Oprah`s 2010 Summer Reading List Kings of the Earth By Jon Clinch


Oprah`s 2010 Summer Reading List Kings of the Earth By Jon Clinch
Oprah's 2010 Summer Reading List
Kings of the Earth
By Jon Clinch 416 pages; Random House
In his masterful and compassionate new novel Clinch borrows from a true-life case of
possible fratricide in 1990. Three elderly, semiliterate brothers live in squalor on a
ramshackle dairy farm in central New York state. They barely wash, their coveralls are
splattered in cow manure, and their tiny house is a fetid mess. Strangest of all, they share
a bed—and on a summer night one dies from what the local medical examiner calls
strangulation. Through evocative descriptions of the rural landscape—"a countryside full
of that same old homegrown desolation"—and by imbuing these odd men with a gentle
nobility and an "antique strangeness," Clinch has created a haunting, suspenseful story.
The Particular Sadness of Lemon Cake
By Aimee Bender 304 pages; Doubleday
At age 9, Rose Edelstein discovers she can taste feelings in food—lonely pie, adulterous
roast beef, resentment soup—whatever angst or elation the cook might have experienced
while preparing the meal. Weird for any kid, yes. But when a family like the Edelsteins is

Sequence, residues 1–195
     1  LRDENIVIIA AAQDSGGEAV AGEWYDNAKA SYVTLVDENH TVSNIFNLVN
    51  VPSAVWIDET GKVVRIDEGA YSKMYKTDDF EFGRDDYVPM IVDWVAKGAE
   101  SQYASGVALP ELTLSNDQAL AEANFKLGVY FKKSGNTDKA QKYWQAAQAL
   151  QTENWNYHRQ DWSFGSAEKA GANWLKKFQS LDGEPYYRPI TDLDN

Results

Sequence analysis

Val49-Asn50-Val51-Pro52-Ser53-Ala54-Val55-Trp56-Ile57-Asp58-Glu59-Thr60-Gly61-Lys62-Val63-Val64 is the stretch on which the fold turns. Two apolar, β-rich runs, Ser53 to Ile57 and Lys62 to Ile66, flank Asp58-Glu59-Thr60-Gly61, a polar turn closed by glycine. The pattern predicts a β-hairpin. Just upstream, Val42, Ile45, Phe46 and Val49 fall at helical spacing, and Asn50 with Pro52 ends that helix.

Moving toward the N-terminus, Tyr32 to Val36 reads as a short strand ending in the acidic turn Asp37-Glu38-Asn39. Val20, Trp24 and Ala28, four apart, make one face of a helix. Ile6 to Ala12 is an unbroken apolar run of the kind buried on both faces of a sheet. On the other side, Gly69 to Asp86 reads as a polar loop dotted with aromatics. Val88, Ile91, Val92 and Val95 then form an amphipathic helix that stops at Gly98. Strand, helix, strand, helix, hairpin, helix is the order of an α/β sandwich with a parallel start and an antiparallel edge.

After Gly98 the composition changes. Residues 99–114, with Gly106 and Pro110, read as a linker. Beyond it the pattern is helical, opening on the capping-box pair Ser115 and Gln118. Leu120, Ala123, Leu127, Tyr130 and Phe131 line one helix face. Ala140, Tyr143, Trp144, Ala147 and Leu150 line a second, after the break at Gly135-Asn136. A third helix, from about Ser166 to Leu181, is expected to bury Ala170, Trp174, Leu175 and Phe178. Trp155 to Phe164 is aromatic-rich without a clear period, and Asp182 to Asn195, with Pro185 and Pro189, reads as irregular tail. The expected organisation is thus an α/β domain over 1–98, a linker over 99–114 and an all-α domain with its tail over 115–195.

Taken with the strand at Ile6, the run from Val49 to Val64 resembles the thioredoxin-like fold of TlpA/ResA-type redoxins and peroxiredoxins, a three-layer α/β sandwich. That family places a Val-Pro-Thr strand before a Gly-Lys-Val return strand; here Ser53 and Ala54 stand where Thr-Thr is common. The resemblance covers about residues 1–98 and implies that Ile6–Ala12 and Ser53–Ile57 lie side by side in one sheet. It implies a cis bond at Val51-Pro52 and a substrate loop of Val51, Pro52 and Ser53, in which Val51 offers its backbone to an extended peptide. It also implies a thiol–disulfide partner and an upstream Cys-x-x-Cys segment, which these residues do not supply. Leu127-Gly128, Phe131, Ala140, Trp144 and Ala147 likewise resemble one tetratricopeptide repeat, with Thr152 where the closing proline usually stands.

serving up its own wacky stew of alienation and contradiction—from the taciturn father,
who "always seemed a little like a guest," to the misanthropic brother, a physics prodigy
with KEEP OUT posted (in 17 languages) on his bedroom door—having the ability to sense
the dissonance between emotion and behavior can be especially painful. Voracious for
human connection, Rose comes of age while unraveling family secrets as strangely lucid
as they are nightmarish.
Someone Knows My Name
By Lawrence Hill 512 pages; Norton
Aminata Diallo is abducted from her West African home at age 11, forced to walk in a
"coffle," a line of slaves who are sold off one by one. Aminata is anything but meek,
however, and her fearlessness is both a liability and an asset. When she speaks out, she is
sometimes punished or raped, but that same strong personality wins her friends and
protectors. That she is a skilled "baby catcher," having learned midwifery from her
mother back home, also increases her usefulness and status.
This is a gritty, at times almost too detailed, tale—after page upon page describing abuse
and cruelty, a reader might almost become inured to Aminata's suffering. Still, she is an
admirable heroine, and Hill's depiction of her journey to freedom is a powerful tale of
pride and perseverance.
Words That Matter
176 pages; HarperStudio
"What you risk reveals what you value," declares the novelist Jeanette Winterson. "A
woman cannot directly choose her circumstances, but she can choose her thoughts, and
so indirectly, yet surely, shape her circumstance. ... As a woman thinketh in her heart, so